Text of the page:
For summary judgment purposes, only disputes involving material facts are relevant. United States v. One Piece of Real Property Located at 5800 SW 74th Avenue, Miami, Florida, 363 F.3d 1099, 1101 (11th Cir. 2004). What is material is determined by the substantive law applicable to the case. Anderson, 477 U.S. at 248; Lofton v. Secretary of the Department of Children and Family Services, 358 F.3d 804, 809 (11th Cir. 2004) ("Only factual disputes that are material under the substantive law governing the case will preclude entry of summary judgment."). "The mere existence of some factual dispute will not defeat summary judgment unless that factual dispute is material to an issue affecting the outcome of the case." McCormick v. City of Fort Lauderdale, 333 F.3d 1234, 1243 (11th Cir. 2003) (citation omitted). To demonstrate a genuine dispute of material fact, the party opposing summary judgment "must do more than simply show that there is some metaphysical doubt as to the material facts.... Where the record taken as a whole could not lead a rational trier of fact to find for the nonmoving party, there is no genuine [dispute] for trial.'" Matsushita Elec. Indus. Co. v. Zenith Radio Corp., 475 U.S. 574, 587 (1986). In cases where the evidence before the court which is admissible on its face or which can be reduced to admissible form indicates there is no genuine dispute of material fact and the party moving for summary judgment is entitled to it as a matter of law, summary judgment is proper. Celotex, 477 U.S. at 323-324 (summary judgment appropriate where pleadings, evidentiary materials and affidavits before the court show no genuine dispute as to a requisite material fact); Waddell v. Valley Forge Dental Associates, Inc., 276 F.3d 1275, 1279 (11th Cir. 2001) (To establish a genuine dispute of material fact, the nonmoving party must produce evidence such that a reasonable trier of fact could return a verdict in his favor.).

Although factual inferences must be viewed in a light most favorable to the nonmoving party and pro se complaints are entitled to liberal interpretation, a pro se litigant does not escape the burden of establishing by sufficient evidence a genuine dispute of material fact. Beard, 548 U.S. at 525, 126 S.Ct. at 2576; Brown v. Crawford, 906 F.2d 667, 670 (11th Cir. 1990). Thus, the plaintiff's pro se status alone does not mandate this court's disregard of elementary principles of production and proof in a civil case. The court has undertaken a thorough and exhaustive review of all the evidence contained in the record. After such review, the court finds that Mitchell has failed to demonstrate a genuine dispute of material fact in order to preclude entry of summary judgment. Matsushita, supra .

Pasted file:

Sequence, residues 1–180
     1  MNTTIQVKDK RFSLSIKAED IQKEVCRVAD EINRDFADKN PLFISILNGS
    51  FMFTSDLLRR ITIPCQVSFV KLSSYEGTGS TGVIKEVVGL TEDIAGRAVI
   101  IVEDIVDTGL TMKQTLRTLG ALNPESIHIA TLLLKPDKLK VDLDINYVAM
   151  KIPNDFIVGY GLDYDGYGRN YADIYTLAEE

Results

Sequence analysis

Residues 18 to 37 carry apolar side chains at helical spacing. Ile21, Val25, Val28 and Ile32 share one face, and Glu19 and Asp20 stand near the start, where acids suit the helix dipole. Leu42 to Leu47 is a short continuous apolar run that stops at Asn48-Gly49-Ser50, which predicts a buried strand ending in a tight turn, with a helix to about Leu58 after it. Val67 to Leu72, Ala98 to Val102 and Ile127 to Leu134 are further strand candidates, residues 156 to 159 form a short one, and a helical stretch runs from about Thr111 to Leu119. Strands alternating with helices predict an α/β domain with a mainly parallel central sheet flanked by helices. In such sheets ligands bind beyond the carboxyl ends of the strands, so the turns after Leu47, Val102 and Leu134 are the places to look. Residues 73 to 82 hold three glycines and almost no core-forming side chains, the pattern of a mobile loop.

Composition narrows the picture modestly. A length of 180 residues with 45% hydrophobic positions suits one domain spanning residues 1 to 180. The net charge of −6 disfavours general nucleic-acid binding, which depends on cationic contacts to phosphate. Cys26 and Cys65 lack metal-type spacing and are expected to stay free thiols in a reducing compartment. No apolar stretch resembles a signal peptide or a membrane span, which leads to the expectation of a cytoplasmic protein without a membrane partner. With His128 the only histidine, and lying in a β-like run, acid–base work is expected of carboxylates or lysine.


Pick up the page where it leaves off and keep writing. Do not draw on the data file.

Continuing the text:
III. DISCUSSION[2]

Mitchell alleges that in November 2011, during his confinement at Hamilton, the defendants ordered the removal of the word processing functions from the computer in the law library. Amended Complaint - Doc. No. 4 at 3. Mitchell maintains that this action denied him the right of access to the courts and constituted a violation of the Americans with Disabilities Act ("ADA"), 42 U.S.C. § 12131, et seq., as it deprived him of one method by which to prepare and print legal documents. Id. at 1-3. Mitchell also alleges that this action occurred in retaliation for his filing a prior federal civil rights action addressing conditions of confinement in the state prison system. Id. at 4. In an amendment to the complaint, Mitchell further complains that the defendants continued to retaliate against him by failing to update the computer with "new case law rulings" and refusing to provide him copies of the Alabama Correctional Incentive time in act form rather than statute form. Amendment to the Complaint - Doc. No. 19 at 2. Finally, Mitchell asserts that each of the actions about which he complains occurred as the result of a conspiracy among the defendants.